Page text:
The Kindness of the AT Community
I started writing this post back in May, the week after Mental Health Awareness Week here in the UK. The theme for this year was Kindness. I attended a webinar on this theme and was amazed by how interesting the topic was. My key takeaway was that being kind to others not only helps them out but also improves your own mental health. And that kindness is, and always will be, far more contagious than COVID-19.
When listening to this talk I couldn’t help thinking about the AT. The Appalachian Trail community is one of the kindest and most supportive I have come across. I’m talking here about the community of people actually on and around the trail, not those who argue in Facebook forums about whether or not slackpacking makes a thru-hike invalid and other pointless subjects.
I formed the idea of this post, collating stories of kindness that my hiker friends and I experienced on the AT last year. My main aim was to spread some love during the difficulties of the pandemic and remind my friends of happier times.
By this time it was late May and after months of our news being dominated by coronavirus there was suddenly a different virus at the forefront: racism. The Black Lives Matter protests have made us all confront the uncomfortable reality that our society, including our much-loved trail communities, are not as kind to everyone as they are to some. This made me question whether I should write this post at all, whether I can truly say that the trail is a kind, all-loving place when the reality is the opposite for other people.
However, from what I have seen 99% of the AT community is made up of kind people who treat everyone with respect. Almost every single person or organization that I am aware of in the hiking community has recently stood up and made some sort of commitment to making the world a better place. From my own trail friends I have seen people attending protests, donating money, promoting black businesses and voices on social media, or quietly educating themselves on this subject. I know that my personal viewpoint cannot speak for everyone and I am by no means an expert in any of this. I am sorry if anyone reading this has not felt welcomed by the AT community. I hope that in future we can do better.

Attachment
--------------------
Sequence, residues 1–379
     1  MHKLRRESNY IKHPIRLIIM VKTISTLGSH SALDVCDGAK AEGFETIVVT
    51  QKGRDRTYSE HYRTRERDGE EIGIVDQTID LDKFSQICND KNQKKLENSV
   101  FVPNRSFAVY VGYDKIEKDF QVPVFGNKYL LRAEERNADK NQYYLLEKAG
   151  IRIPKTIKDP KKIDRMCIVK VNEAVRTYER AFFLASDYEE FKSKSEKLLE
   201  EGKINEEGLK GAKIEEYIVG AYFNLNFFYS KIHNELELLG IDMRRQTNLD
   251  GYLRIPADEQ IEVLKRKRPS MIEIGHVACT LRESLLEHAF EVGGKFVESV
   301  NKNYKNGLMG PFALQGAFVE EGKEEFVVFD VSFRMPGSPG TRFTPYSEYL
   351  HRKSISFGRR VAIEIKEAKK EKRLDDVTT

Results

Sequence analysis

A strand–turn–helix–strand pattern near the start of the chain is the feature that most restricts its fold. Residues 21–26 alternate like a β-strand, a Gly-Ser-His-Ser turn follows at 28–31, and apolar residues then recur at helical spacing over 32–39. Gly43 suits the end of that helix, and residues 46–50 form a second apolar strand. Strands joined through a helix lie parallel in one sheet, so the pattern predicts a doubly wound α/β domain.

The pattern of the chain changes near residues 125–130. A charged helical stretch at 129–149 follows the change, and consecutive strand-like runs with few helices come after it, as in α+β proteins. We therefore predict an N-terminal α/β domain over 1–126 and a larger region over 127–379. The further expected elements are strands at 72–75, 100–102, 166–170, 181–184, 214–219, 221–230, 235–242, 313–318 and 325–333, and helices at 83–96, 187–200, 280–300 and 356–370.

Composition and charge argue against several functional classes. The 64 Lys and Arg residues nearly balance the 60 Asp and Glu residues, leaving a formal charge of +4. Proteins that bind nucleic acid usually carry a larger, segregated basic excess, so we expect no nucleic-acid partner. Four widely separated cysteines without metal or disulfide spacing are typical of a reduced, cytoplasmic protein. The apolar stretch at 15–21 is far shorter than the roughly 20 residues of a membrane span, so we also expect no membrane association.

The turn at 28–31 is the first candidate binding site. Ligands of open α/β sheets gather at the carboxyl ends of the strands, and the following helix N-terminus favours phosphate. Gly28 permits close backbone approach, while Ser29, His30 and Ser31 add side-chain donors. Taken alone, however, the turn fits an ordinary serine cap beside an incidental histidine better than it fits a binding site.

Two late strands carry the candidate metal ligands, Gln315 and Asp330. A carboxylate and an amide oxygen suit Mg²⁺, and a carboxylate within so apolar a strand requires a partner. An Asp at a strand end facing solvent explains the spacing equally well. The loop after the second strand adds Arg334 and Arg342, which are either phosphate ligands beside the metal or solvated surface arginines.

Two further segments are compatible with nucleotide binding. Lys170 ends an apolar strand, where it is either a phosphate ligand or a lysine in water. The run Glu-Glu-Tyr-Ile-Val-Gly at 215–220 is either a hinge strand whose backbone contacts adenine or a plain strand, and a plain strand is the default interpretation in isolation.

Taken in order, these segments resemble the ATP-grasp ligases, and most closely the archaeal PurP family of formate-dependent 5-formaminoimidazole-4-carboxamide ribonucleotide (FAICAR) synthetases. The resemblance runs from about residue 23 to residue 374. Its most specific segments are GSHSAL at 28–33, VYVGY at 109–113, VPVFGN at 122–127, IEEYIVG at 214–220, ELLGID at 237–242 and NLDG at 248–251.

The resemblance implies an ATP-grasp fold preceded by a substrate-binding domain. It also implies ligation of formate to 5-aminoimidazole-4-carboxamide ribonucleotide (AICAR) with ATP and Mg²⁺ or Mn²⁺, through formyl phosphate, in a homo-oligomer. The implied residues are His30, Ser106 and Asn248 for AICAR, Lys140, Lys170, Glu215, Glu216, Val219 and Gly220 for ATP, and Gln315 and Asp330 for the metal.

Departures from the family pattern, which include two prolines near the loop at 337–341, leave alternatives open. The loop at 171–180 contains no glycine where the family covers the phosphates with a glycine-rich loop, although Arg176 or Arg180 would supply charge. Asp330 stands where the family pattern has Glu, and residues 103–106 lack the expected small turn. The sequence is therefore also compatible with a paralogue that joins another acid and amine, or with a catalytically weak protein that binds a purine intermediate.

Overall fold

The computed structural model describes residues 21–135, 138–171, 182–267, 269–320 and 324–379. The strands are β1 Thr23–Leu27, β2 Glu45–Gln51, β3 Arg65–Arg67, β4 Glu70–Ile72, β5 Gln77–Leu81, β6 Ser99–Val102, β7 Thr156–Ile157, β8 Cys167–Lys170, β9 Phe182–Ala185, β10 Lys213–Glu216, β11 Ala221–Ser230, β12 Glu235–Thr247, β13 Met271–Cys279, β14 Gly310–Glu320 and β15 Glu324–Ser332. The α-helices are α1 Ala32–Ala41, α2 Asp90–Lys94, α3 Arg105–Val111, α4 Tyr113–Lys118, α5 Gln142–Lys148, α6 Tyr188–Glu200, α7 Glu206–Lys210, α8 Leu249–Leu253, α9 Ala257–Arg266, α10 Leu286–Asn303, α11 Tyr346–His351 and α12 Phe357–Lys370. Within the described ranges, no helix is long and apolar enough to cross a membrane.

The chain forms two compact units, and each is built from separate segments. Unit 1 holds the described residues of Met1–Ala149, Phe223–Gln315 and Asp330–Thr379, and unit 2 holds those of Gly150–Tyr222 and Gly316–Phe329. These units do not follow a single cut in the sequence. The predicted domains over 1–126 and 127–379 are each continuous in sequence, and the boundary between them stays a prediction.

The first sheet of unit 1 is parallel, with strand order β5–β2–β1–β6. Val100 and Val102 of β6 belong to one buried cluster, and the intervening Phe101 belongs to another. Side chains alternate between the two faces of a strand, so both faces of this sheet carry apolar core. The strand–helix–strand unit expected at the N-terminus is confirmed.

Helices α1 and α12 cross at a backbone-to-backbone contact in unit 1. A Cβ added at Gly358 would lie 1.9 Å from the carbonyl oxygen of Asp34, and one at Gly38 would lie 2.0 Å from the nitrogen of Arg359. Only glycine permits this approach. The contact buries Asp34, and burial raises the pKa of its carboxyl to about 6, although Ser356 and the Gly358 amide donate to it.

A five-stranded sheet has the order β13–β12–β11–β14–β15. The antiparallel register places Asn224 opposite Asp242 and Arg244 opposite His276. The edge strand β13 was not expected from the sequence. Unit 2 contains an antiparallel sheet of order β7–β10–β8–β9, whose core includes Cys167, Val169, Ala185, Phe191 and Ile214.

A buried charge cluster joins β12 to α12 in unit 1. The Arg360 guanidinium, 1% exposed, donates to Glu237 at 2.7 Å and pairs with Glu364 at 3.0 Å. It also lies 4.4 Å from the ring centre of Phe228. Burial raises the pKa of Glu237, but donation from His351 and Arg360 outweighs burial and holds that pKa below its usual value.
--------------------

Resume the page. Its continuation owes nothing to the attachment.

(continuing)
So, below are the stories of unexpected kindness experienced by eight 2019 hikers. I was surprised that most of these do not involve planned trail magic or established trail angels; they were spontaneous acts of kindness. When I first asked these hikers about acts of kindness they’d experienced on trail the first response from several of them was “there are so many, how do I pick just one?”
I’m not here to make any profound statements about society, but reading these stories has made me wonder. What would the world look like if each individual could look back over their year and say that they’ve experienced so many acts of kindness that it’s impossible to pick just one?
Here are the stories.
“During a severe heat wave in NY, a woman gave my trail family and me a hitch from town to the trail. We were reluctant to go back, but we were getting low on money and couldn’t justify staying in a hotel. After hearing about what we were doing, she opened up her home to us for as long as we needed to stay. We were there three nights. She grilled food for us, bought us fresh veggies from the local farmers market, and even took us out to eat. After our stay and learning more about the Appalachian Trail community, she became a trail angel who operated by word-of-mouth, hosting other hikers who came through later in the year” – Red Wiggler
“I was resupplying in Hiawassee, and while I was shopping a huge rainstorm had moved in. I was standing outside the store planning on waiting it out for a bit (I would have been there a while) and a lady with an umbrella offered to walk with me a couple blocks so I wouldn’t get wet! The store was still about a mile away from the Budget Inn and I didn’t want to make her walk all that way so I sprinted the last bit, still got soaked, but the umbrella was such a sweet gesture.” – Plume
“Up in Connecticut I got pretty sick one morning, was very afraid it might be Lyme disease. We were already planning on visiting our friend Sunrise that night but I downright wanted to collapse so she picked us up early. She gave me a comfortable place to rest at her house and I spent the day watching Bob Ross while covered in about five blankets. The following day she drove out of her way to take me to a hostel as she was heading back to New York.” – Green Slouch